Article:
Tonight – April 10, 2016 – look for the waxing crescent moon to shine close the star Aldebaran on the sky’s dome. Look west, after sunset. From North America, especially the along the Atlantic Coast, it’s possible to miss Aldebaran in the moon’s glare, as this star appears a hairsbreadth below the lit side of the moon. From there, Aldebaran will have just come out from behind the moon, after having been covered over (occulted) by the moon in the late afternoon of April 10.
If you are a wizard with the telescope, you might be able to observe this occultation in the daytime hours from virtually anywhere in the mainland United States. Read more about the daylight occultation of Aldebaran from skyandtelescope.com.
It’s possible to witness the occultation of Aldebaran with the eye alone from the right spot in the North Atlantic ocean, as this star slips behind the dark side of the moon and then reappears on the lit side in the evening hours on April 10, 2016.
Most of us, though, will have to be content with the waxing crescent moon guiding our eye to Aldebaran and the Pleiades star cluster.
Aldebaran will disappear behind the moon’s dark limb and then reappear at its illuminated side. Click here for the occultation times for numerous North American cities.
Remember, you must convert Universal Time (UT) to your local time:
Newfoundland Daylight Time: UT – 2.5 hours
Atlantic Daylight Time: UT – 3 hours
Eastern Daylight Time: UT – 4 hours
Central Daylight Time: UT – 5 hours
Mountain Daylight Time: UT – 6 hours
Pacific Daylight Time: UT – 7 hours
For instance, we click here to find that at Bangor, Maine, Aldebaran disappears behind the moon at 22:53:58 UT and reappears at 23:53:07 UTC.
Because Bangor, Maine, resides within the Eastern Daylight Time zone, we must subtract 4 hours from Universal Time (UT).
Therefore, the local occultation time begins at 18:53:58 (6:53:58 p.m.) and ends at 19:53:07 (7:53:07 p.m.) in Bangor, Maine.
By the way, sunset in Bangor, Maine, occurs at 7:14 p.m. on April 10, 2016.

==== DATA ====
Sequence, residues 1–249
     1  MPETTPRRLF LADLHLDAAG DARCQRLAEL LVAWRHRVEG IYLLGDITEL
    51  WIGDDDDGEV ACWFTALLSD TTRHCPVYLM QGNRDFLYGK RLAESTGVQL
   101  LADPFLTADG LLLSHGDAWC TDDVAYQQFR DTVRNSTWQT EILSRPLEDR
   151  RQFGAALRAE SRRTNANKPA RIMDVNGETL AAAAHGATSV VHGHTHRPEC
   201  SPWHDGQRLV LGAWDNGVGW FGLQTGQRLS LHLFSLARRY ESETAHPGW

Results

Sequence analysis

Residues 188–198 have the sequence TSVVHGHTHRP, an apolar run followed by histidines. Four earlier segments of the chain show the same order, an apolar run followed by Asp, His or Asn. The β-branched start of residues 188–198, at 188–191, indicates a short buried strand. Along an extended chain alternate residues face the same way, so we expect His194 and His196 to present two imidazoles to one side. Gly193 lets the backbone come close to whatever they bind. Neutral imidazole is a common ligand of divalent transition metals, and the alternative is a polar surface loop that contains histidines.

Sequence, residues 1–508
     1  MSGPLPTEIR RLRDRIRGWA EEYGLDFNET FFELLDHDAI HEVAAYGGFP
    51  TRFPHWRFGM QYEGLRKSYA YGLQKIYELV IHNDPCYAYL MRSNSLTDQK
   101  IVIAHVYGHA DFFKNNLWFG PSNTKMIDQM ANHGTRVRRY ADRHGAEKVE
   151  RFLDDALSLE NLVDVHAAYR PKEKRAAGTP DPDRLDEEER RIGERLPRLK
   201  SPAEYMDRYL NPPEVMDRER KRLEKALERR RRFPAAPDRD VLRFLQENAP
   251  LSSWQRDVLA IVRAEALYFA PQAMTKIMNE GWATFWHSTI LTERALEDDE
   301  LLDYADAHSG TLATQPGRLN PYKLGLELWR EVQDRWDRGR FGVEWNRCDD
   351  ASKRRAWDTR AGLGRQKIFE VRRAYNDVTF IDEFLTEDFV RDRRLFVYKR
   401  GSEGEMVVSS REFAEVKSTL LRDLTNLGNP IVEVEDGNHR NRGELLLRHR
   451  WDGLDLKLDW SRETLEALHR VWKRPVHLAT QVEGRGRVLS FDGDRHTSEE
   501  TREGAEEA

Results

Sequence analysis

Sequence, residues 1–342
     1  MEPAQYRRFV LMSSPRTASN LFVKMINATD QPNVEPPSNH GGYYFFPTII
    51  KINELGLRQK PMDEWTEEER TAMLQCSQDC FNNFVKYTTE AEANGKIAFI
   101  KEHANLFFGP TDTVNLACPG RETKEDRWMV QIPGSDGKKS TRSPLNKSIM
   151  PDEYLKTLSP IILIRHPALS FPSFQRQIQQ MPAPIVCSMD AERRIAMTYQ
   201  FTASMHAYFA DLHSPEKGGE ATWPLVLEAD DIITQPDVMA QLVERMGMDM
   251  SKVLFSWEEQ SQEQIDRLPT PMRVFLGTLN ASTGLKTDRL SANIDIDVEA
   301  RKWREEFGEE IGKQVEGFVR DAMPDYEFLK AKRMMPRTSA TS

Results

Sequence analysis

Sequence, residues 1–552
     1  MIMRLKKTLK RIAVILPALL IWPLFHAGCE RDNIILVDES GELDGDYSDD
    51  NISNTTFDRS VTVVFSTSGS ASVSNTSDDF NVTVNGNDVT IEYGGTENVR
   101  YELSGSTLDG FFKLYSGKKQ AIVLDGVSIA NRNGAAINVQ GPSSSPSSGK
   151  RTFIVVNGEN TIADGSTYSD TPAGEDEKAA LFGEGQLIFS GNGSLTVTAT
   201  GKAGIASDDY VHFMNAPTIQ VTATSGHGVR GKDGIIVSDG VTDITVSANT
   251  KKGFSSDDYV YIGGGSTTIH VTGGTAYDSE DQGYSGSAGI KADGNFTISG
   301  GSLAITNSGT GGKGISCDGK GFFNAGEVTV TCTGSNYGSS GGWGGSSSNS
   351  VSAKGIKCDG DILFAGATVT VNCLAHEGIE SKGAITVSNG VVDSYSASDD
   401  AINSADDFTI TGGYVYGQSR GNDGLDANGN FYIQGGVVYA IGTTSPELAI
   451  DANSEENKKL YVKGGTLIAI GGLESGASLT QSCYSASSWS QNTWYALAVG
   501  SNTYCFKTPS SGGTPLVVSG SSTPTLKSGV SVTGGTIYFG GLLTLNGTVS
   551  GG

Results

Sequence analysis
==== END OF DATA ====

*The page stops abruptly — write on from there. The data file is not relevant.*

No matter where you live worldwide, though, look first for the moon. Then seek out the star Aldebaran and the Pleiades star cluster, the two most prominent features in the constellation Taurus the Bull.
From northerly latitudes, you can also seek out the planet Mercury below the moon shortly after sundown. Mercury may become visible to the unaided eye around an hour after sunset. With binoculars, you might catch Mercury about 45 minutes after the sun goes down. Search for Mercury as dusk is giving way to darkness because Mercury will sink below the horizon around 90 minutes after sundown (at mid-northern latitudes).
Bottom line: From the Atlantic states of North America, you might miss Aldebaran in the moon’s glare on the evening of April 10, 2016. From there, the star will appear a hairsbreadth below the lit side of the moon, having just come out from behind the moon in a late afternoon occultation on April 10. The rest of us will see Aldebaran – brightest star in Taurus the Bull – near the moon on April 10.
Bruce McClure has served as lead writer for EarthSky's popular Tonight pages since 2004. He's a sundial aficionado, whose love for the heavens has taken him to Lake Titicaca in Bolivia and sailing in the North Atlantic, where he earned his celestial navigation certificate through the School of Ocean Sailing and Navigation. He also writes and hosts public astronomy programs and planetarium programs in and around his home in upstate New York.